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Men’s Basketball Tiffin finished the 2011-12 season at 7-12 in the GLIAC and 1514 overall, its first winning season since 2005-06. The Dragons went on a tear, winning 10 of their last 14 games. Among the victims were Findlay and #23 Hillsdale, the first win over each team in at least 20 years.

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Sophomore Joe Graessle earned AllGLIAC Second Team honors. He averaged 17.9 points, 3.5 assists and 1.3 steals a game while hitting 3.1 triples a game, setting new school records with 91 3-pointers made and 252 treys attempted.

Over the last two years, Tiffin is the third most improved program in NCAA Division II. Senior Karl Finley became the first Dragon to earn AllGLIAC first team honors. He averaged 19.9 points and 3.1 assists per game while hitting 51 3-pointers. Finley was second in the GLIAC and 24th in the country in scoring. For his career he was seventh in three-point percentage (.381) and ninth in scoring average (17.4). Sophomore Joe Graessle earned All-GLIAC second team honors. He averaged 17.9 points, 3.5 assists and 1.3 steals a game while hitting 3.1 triples a game. Graessle set the school records with 91 3-pointers made and 252 treys attempted and was 12th in the country in three’s made per game. Iman Johnson became the second straight TU player to be named Freshman of the Year. He joins Graessle who won the award last year. Johnson averaged 7.1 points, 6.3 rebounds, 1.6 steals and blocked 1.5 shots a game. He was

fourth in the GLIAC and 69th in the country for blocked shots and his 43 blocks is a new school freshman record.

Women’s Basketball It was the Year of the Dragons as Tiffin finished third in the GLIAC (14-5) and was 21-7 overall. In addition to setting the school record for wins, TU finished ranked eighth in the Midwest Region, just missing a trip to nationals. In the GLIAC tournament, Tiffin beat Hillsdale 68-58 before losing in the semifinals, 53-39 to Ferris State. Senior Mandy Jaeb earned her third consecutive First Team All-South honor as well as her third selection to the AllDefensive Team. Jaeb’s senior season had numerous milestones, including eclipsing the 1500 point barrier. Jaeb is only the second player in TU history to accomplish the feat. Jaeb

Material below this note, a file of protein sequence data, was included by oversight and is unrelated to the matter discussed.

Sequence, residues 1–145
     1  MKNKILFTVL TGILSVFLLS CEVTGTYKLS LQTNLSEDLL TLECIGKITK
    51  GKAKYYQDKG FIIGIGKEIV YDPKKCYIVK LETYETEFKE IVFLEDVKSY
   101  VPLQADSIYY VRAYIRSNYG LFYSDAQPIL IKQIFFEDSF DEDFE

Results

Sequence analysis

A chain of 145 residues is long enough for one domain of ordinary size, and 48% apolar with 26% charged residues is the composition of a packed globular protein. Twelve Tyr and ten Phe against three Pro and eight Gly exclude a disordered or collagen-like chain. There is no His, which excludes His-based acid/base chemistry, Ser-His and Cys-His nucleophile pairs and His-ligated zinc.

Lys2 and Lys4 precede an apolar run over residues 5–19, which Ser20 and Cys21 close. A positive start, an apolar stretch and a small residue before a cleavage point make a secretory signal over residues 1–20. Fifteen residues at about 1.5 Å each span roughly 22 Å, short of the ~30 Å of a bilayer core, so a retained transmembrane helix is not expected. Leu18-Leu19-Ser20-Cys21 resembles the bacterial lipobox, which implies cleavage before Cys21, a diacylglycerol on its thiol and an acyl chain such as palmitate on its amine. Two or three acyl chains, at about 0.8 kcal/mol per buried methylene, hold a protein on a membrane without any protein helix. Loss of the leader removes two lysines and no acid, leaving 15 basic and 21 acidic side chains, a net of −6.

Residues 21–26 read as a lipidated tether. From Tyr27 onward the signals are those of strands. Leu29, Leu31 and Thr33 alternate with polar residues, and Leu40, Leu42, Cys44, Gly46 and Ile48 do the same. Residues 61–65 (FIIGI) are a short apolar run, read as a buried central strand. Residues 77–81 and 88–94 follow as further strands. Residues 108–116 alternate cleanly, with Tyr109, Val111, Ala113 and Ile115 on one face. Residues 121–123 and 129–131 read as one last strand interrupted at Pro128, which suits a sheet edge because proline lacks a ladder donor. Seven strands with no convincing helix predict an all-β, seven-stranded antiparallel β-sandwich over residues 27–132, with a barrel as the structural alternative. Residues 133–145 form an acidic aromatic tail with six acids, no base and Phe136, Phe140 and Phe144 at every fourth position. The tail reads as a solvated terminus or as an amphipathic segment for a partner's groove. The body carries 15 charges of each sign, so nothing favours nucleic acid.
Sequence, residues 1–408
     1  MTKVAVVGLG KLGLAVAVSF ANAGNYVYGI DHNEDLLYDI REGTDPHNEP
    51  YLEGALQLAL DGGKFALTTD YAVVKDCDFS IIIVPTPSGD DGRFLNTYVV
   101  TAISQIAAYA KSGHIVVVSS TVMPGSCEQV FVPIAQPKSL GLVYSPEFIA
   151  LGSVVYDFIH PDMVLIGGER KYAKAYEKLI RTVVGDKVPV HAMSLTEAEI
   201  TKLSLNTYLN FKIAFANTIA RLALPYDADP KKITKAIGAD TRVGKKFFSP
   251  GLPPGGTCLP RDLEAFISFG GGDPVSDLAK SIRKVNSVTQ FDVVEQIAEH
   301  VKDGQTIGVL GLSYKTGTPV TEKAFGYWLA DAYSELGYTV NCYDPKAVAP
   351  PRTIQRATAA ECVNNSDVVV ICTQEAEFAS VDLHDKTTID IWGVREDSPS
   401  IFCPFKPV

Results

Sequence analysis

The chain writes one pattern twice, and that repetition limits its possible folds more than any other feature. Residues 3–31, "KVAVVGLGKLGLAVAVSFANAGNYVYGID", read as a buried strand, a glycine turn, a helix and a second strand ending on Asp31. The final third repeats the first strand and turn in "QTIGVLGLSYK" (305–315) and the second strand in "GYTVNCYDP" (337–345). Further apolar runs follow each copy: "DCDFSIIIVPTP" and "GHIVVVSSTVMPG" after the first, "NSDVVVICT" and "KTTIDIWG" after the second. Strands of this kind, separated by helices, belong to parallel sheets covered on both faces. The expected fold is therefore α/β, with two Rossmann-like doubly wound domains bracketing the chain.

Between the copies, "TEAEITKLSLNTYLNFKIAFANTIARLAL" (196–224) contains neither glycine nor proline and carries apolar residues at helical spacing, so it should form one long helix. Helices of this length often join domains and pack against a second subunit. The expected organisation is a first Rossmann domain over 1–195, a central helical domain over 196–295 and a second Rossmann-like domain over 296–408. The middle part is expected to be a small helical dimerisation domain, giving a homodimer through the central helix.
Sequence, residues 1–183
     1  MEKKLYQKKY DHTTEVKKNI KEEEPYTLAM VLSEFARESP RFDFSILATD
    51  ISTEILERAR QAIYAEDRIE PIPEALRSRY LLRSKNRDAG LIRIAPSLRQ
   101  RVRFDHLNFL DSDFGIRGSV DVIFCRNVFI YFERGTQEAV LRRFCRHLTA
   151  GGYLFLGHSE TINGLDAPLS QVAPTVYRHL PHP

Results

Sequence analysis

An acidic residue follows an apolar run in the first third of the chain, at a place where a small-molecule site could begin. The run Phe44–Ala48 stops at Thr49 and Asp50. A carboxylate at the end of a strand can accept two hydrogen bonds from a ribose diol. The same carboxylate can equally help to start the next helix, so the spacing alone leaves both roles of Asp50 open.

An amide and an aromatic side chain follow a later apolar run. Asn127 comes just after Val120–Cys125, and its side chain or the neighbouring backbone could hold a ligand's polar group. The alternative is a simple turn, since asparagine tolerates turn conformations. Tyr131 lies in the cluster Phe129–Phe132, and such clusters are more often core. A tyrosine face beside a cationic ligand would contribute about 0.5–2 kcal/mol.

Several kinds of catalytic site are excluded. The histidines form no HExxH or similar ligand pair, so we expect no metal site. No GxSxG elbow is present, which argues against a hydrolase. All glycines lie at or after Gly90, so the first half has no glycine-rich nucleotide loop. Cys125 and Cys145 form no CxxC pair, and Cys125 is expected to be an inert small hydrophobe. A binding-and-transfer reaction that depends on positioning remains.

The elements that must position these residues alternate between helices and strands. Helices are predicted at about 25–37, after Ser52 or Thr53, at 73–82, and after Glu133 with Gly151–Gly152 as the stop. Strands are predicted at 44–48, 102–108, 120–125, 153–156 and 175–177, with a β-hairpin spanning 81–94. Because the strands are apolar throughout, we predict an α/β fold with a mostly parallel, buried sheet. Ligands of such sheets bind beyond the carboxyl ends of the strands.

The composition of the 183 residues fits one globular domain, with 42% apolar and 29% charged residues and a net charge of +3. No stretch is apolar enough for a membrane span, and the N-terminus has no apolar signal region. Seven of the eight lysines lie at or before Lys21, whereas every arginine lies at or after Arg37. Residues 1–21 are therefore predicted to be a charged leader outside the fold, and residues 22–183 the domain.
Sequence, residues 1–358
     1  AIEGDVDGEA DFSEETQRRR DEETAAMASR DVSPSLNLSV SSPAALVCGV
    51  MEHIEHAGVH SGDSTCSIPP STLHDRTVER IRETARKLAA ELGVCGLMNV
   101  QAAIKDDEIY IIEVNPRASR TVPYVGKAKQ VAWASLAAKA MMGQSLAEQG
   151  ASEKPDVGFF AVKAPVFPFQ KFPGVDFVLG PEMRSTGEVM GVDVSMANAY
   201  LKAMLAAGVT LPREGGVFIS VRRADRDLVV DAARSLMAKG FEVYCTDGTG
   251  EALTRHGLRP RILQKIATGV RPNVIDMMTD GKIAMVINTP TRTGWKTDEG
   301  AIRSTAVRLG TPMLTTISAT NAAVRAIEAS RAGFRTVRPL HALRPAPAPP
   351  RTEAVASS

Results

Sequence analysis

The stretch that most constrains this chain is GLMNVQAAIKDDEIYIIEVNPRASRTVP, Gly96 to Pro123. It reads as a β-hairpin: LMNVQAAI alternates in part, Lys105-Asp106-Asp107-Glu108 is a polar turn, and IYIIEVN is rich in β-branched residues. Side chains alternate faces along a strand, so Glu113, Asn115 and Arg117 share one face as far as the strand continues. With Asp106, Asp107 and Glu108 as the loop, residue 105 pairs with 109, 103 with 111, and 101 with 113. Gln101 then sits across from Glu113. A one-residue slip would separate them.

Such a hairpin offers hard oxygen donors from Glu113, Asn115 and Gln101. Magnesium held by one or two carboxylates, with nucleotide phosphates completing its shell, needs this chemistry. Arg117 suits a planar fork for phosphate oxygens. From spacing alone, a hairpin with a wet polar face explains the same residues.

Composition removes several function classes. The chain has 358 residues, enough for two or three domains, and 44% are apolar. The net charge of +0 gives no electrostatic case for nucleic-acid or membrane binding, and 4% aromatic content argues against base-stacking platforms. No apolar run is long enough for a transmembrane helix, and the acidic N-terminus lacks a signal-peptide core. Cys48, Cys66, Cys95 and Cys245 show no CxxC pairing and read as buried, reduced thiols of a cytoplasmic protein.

Mandy Jaeb earned her third consecutive First Team All-GLIAC honor and her third AllGLIAC Defensive team honor this season as she helped lead Tiffin’s women’s basketball team to a new school record with 21 wins. Jaeb finished her sensational career with 1,585 career points.

also set a new career free throws record and maintained her school record for best free throw percentage. Junior Jessica Harris earned her second consecutive Second Team selection. She led the Dragons in rebounding with 9.2 per game and was third on the team in scoring. She also led the team in blocks.


Wrestling

Lynzi Daughenbaugh (pentathlon) and John Pemberton (shot put) earned NCAA Division II All-American honors for the Dragons. Overall, TU had six national qualifiers, broke 18 school records and had 86 additions to the top 10 list. For the men, Pemberton placed third with a school record put of 57 feet, 7.75 inches. He was the highest individual finisher in school history. Travis LeFlore cleared six feet, 9.50 inches to tie for eighth place. The tie breaking system moved him to ninth, just missing All-American honors. At the GLIAC Championships, the Dragons finished fourth with 83.50 points. Justin Ware won the 60-meter dash to lead a 1-2-3 finish for TU. Just behind Ware were Deven Keene and Emmanual Grembo. Additional top three performances came from Antonio Combs in the triple jump (2nd), Colin Fisher in the 3000 (2nd) and Grembo in the long jump (3rd). For the women, Daughenbaugh scored a school record 3587 points to place eighth. During the competition, she broke the school high jump record by clearing five feet, eight inches. Daughenbaugh is just the second NCAA DII All-American in school history. Ashley DeWitt just missed All-American honors, placing ninth in the 20-LB weight. Additional competitors were Katie Gerhardt (shot put) and Marielle Segbor (triple jump). At the GLIAC Championships, Tiffin scored 53.75 points to place sixth. The Dragons received runner-up performances from Kayla Ellks in the long jump and Segbor in the triple jump. Third place finished came from Daughenbaugh in the pentathlon, D’Wanda Ford in the long jump and Meghan Gill in the high jump.